Types of Urinary Incontinence

Urgency urinary incontinence refers to urinary incontinence occurring with a sudden desire to urinate and loss of urine before reaching the bathroom. The incontinence episode is often triggered when hearing or feeling water, such as when washing hands, social situations such as opening the door upon arriving home, or even commonly performed daily habits such as standing from a seated position. The loss of urine is usually a larger amount and a woman usually has no way of stopping it. Due to the uncontrolled urge to void (urinate), patients often void more often than normal (more than 8 voids in 24 hours) and wake up more than once at night to void. This type of incontinence is often caused by bladder spasms. Some patients may only have urgency and not necessarily have leakage of urine when the compelling desire to urinate is noted; however, frequency and discomfort caused by this condition impacts their life negatively. This urgency is a component of overactive bladder syndrome.

Stress urinary incontinence refers to loss of urine during a physical “stress” or activity where a force causes an increase in intra-abdominal pressure. Common examples include laughing, coughing, sneezing or jumping. Often patients will be limited in their ability to engage in exercise and sport activities due to their incontinence. This type of incontinence is caused by anatomic changes in the support of the urethra and bladder, and often is associated with weakness of pelvic floor muscles supporting the bladder. 

Mixed urinary incontinence refers to conditions where both urgency urinary incontinence and stress urinary incontinence may be present and impacting a patient’s life concurrently. Treatment often requires management of both, keeping in mind that each is treated differently. 

It is important that the proper evaluation be made to determine the type of incontinence. Each type is treated differently. Some require only medical treatment, whereas other types require surgical management. Incontinence often has multiple etiologies. To achieve a successful outcome, each of the underlying causes must be identified and addressed in the treatment plan.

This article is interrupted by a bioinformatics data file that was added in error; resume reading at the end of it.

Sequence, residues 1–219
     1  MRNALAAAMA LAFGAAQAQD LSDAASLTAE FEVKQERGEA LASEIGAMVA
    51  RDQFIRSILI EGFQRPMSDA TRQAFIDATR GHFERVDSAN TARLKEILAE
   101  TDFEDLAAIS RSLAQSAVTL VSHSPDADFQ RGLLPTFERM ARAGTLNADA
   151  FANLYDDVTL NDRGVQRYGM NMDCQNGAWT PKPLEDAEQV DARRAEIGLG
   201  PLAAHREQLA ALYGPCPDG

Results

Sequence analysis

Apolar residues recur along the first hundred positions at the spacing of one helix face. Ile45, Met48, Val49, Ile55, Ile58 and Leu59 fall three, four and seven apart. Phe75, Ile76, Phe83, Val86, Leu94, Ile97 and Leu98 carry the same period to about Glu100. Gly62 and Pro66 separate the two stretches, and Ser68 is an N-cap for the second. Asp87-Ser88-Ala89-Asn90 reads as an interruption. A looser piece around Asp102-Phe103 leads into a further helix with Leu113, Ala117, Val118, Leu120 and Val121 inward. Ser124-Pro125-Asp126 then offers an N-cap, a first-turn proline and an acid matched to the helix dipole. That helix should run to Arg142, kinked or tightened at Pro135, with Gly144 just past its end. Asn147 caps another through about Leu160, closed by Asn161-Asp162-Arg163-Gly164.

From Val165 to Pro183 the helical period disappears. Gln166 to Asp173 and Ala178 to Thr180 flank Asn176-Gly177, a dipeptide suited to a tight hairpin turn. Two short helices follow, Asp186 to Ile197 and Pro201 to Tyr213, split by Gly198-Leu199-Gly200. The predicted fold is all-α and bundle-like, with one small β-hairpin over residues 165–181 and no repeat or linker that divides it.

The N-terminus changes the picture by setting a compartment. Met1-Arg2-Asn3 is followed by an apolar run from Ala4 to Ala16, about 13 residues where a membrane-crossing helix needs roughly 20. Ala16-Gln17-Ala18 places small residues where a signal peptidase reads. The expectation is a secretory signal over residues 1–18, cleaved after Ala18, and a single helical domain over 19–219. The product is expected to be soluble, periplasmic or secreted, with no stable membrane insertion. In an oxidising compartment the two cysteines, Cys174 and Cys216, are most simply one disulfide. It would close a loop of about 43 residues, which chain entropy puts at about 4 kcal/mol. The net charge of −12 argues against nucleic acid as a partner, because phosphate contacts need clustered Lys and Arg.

At the Women's Health Center for Urogynecology and Female Pelvic Medicine, your initial evaluation with your physician begins with a comprehensive history and assessment of your ability to urinate. Your visit will also include a pelvic examination as well as a visual assessment of the urethral and vaginal anatomy. Additional testing may be recommended only if indicated and may be scheduled at a later time that is convenient for you.  

Once your evaluation is complete, your physician will discuss the findings with you and suggest options for your treatment plan. These options often include non-surgical interventions as the first line for management. If conservative and medical management is not desired and surgery may be indicated, our fellowship-trained surgeons are specialized in minimally invasive surgery.  

Furthermore, our physicians strive to work closely with you and your referring doctor to make sure you fully understand your treatment choices and develop a treatment plan that will fit your lifestyle and that is tailored for you.